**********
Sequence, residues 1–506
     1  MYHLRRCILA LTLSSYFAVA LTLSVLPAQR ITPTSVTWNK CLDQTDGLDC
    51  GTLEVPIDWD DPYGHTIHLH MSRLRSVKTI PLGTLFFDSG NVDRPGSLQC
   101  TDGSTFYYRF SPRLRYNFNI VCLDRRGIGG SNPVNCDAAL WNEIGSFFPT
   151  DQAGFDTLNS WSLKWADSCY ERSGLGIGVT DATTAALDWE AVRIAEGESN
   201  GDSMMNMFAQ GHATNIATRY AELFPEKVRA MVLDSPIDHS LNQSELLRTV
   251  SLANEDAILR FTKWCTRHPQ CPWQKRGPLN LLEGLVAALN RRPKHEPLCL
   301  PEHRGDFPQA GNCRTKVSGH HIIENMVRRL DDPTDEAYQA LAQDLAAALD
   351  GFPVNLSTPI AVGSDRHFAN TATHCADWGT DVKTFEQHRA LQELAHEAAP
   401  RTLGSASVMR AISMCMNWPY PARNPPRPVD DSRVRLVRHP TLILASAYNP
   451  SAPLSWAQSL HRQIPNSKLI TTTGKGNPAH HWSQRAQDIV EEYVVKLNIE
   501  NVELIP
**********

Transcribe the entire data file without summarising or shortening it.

Sequence, residues 1–506
     1  MYHLRRCILA LTLSSYFAVA LTLSVLPAQR ITPTSVTWNK CLDQTDGLDC
    51  GTLEVPIDWD DPYGHTIHLH MSRLRSVKTI PLGTLFFDSG NVDRPGSLQC
   101  TDGSTFYYRF SPRLRYNFNI VCLDRRGIGG SNPVNCDAAL WNEIGSFFPT
   151  DQAGFDTLNS WSLKWADSCY ERSGLGIGVT DATTAALDWE AVRIAEGESN
   201  GDSMMNMFAQ GHATNIATRY AELFPEKVRA MVLDSPIDHS LNQSELLRTV
   251  SLANEDAILR FTKWCTRHPQ CPWQKRGPLN LLEGLVAALN RRPKHEPLCL
   301  PEHRGDFPQA GNCRTKVSGH HIIENMVRRL DDPTDEAYQA LAQDLAAALD
   351  GFPVNLSTPI AVGSDRHFAN TATHCADWGT DVKTFEQHRA LQELAHEAAP
   401  RTLGSASVMR AISMCMNWPY PARNPPRPVD DSRVRLVRHP TLILASAYNP
   451  SAPLSWAQSL HRQIPNSKLI TTTGKGNPAH HWSQRAQDIV EEYVVKLNIE
   501  NVELIP